August 5, 2008 § 2 Comments
My favourite jeans on their last legs.
After seeing my uncle work the loom again I noticed the selvage of the tweed and after another series of familial berating and leg-pulls regarding the state of my trouser attire I feel I should defend my attachment to such a shabby pair of jeans!
All my jeans are made of selvage denim, I’ve been wearing jeans like this since I was 21 (I’m 33 now) working for a chap who imported and exported vintage denim. They start out a deepest, darkest indigo and stiff as a board. I have to soak them in the bath to soften them and then wear them to death before washing them again. Each time they are washed they get a quick cycle on cool, always turned inside out and then they are worn to death again. They reward you with years of service (the above jeans are probably five years old with almost daily wear) and each pair take on their own character and tell their own story. For example the pair above wore through on the knee where I have to kneel to open the safe at my work. The back right pocket is torn through carrying my wallet, the right pocket shows the wear of my work keychain.
Only the finest jeans are made of selvage denim!
Selvage denim is made on old-style shuttle looms rather than modern, projectile looms. In simple terms, this means during the fabric weaving process, the cross-thread goes back and forth as one continuous thread, rather than as individual threads for each cross weave. As a result, selvage denim has a clean edge. Modern, single thread weaving has a frayed edge.
Traditionally the fabric made on shuttle looms was so narrow, a pair of jeans required approximately 3 yards of fabric. To maximize yield, jean-makers used the fabric all the way to the selvage edge with a straight outside seam. When the cuff is turned up, the two selvedge edges, where the denim is stitched together, can be seen (it’s also seen on the inside of the coin pocket). The selvage edge is usually stitched with a colored thread and on vintage jeans, you’ll find red, white, green, brown or yellow thread running down the edge, the most common being red. This distinction was made by fabric mills to differentiate between fabrics. True vintage jeans can be recognized the selvage edge and you can see them in the turn ups of the above pic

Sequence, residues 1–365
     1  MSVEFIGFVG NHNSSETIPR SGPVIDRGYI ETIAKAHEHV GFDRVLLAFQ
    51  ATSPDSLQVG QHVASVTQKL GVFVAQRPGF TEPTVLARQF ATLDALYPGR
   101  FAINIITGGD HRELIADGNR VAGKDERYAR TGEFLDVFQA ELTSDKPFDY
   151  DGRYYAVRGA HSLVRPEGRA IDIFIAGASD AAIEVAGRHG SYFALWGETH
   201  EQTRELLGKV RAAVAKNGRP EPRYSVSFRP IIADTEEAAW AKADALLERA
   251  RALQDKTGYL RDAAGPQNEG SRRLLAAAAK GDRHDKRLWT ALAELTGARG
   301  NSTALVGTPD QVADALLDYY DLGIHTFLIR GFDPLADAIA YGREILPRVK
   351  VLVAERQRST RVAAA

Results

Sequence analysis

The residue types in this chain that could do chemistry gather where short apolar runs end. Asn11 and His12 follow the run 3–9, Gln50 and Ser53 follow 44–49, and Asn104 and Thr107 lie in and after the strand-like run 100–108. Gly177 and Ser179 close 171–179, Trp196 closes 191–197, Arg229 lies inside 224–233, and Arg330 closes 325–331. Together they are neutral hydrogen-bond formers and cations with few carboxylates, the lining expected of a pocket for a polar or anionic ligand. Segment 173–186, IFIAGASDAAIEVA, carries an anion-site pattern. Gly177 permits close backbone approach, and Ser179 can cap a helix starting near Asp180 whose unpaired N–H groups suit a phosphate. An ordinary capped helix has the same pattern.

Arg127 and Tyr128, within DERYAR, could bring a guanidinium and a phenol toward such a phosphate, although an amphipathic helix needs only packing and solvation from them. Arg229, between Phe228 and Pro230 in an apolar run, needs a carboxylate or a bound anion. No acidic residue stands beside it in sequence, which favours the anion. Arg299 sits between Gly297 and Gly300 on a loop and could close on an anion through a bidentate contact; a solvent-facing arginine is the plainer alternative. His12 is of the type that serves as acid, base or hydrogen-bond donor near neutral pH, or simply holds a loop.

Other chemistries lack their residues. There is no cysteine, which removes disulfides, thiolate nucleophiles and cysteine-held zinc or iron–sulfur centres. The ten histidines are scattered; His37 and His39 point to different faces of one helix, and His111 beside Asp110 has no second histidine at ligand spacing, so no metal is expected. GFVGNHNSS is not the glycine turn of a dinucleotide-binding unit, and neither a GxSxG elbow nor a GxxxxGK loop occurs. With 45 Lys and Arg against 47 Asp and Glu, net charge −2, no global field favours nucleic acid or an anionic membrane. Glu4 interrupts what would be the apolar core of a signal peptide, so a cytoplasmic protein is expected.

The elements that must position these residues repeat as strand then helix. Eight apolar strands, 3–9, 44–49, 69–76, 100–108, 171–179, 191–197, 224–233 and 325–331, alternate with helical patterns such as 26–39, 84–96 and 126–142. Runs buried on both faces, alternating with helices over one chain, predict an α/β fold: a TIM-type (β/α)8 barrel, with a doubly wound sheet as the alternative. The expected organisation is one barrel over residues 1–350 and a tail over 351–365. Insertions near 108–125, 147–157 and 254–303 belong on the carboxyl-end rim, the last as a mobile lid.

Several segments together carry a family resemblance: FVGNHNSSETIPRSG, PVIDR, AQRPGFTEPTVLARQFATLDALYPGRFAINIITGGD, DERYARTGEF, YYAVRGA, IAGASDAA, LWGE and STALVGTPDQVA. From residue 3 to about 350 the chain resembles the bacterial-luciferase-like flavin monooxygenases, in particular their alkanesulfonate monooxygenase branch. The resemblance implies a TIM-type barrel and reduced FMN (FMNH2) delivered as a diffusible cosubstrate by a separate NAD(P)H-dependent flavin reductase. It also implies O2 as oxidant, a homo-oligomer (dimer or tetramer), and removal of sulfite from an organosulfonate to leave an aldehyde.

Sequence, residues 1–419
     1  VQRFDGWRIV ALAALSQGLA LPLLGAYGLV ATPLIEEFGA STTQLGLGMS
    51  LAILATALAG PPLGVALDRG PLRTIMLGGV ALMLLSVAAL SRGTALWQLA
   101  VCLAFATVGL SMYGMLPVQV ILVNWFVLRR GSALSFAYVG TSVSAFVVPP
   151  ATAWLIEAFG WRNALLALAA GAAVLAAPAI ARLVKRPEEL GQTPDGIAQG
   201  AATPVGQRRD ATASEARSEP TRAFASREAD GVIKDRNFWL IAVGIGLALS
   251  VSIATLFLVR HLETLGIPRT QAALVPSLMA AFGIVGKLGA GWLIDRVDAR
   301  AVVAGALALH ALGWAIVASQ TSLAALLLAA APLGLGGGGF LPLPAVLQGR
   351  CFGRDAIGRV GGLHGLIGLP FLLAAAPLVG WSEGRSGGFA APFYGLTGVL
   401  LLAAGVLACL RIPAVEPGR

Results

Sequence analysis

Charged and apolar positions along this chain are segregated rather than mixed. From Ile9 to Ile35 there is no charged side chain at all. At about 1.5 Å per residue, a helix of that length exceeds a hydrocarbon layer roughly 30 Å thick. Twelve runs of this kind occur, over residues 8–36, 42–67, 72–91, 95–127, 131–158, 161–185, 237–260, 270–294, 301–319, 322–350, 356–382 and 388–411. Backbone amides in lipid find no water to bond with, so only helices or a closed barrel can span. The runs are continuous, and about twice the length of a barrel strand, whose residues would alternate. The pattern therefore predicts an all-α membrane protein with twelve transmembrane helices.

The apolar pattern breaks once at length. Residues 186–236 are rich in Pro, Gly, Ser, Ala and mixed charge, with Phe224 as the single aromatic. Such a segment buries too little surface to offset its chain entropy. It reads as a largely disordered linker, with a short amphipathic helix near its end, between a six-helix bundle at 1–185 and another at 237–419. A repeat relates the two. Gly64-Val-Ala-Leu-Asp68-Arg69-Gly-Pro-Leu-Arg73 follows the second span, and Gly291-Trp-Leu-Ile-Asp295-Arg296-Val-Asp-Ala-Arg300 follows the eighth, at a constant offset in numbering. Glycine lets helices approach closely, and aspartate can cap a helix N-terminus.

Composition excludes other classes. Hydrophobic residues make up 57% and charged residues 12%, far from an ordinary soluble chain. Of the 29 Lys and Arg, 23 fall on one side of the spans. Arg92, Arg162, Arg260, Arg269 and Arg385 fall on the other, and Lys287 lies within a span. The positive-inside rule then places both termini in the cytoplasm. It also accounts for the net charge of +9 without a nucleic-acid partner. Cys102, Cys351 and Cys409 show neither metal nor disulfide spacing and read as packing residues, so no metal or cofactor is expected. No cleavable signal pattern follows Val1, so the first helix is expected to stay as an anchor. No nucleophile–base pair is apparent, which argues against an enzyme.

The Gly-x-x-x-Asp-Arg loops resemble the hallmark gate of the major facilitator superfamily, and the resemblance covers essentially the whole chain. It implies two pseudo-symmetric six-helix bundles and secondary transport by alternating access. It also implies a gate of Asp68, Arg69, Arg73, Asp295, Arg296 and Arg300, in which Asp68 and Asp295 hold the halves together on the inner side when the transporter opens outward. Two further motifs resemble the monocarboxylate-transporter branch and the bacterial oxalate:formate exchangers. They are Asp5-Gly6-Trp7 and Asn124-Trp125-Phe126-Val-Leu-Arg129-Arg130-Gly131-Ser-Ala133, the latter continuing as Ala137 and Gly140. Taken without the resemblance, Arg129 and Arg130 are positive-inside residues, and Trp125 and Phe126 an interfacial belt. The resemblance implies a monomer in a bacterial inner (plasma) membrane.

Historically, American denim was considered superior. In time, however, because shuttle looms only made 30-inch wide cloth, they became obsolete. In the 1950’s, when American jean manufacturers saw demand for their product skyrocket, they searched for faster, less expensive methods for producing denim fabric. They mothballed the traditional shuttle-type looms in favor of modern, projectile looms which could make a 60-inch wide fabric (or wider) for much less money. The fabric produced, however, was lighter and less durable. Manufacturers also replaced real indigo dye with synthetic substitutes and began pre-washing all fabric in order to control shrink and twist. The byproduct of these changes was an article lacking character with no potential for greatness.
Quality denim is indigo dyed using loop dying machines which, like the looms, are rare and ancient machines., They feed a rope of cotton yarn through vats of indigo dye and then up to the roof of the factory to allow the indigo to oxidize before the ‘rope’ goes back down into the next vat. Some brands use up to 30 dips, creating a rich, deep indigo blue color with excellent character.
As for the raw materials, the best manufacturers use 100% cotton threads, which though they break more easily during the sewing process, are more authentic. Other original production techniques are reproduced at every stage, including the chain stitch at the leg opening which gives a thick stitch-line at the hem. This stitching requires a special machine, which again, has not been produced for the past 40 years. Whenever possible, superior denim manufacturers use Union Special brand machines, the “Rolls Royce” of American sewing machines from the fifties.
The immense care put into the detailing of this unique denim fabric, from the raw material to the weaving, dying and stitching, creates a jean of exceptional quality. Denim produced on shuttle looms is naturally irregular and these irregularities are enhanced as the jeans age, causing every pair to develop a unique and beautiful pattern as it fades. The deep blue color and the way the jeans fade can only be achieved by using the loop dying system. These details give the jeans authenticity and give you the knowledge that you own an article of the highest quality. Like fine wood, jeans made of selvage denim will only become more beautiful with age and wear, acquiring a patina unique to the wearer that is impossible to reproduce artificially. Each pair transforms in to a one of a kind piece. Owning and wearing jeans made of selvage denim is a very personal experience that no other item of clothing can give you.
These jeans are going to be put into retirement soon. They have served me well. And a new pair will be purchased, soaked and worn to death until they too have a story to tell.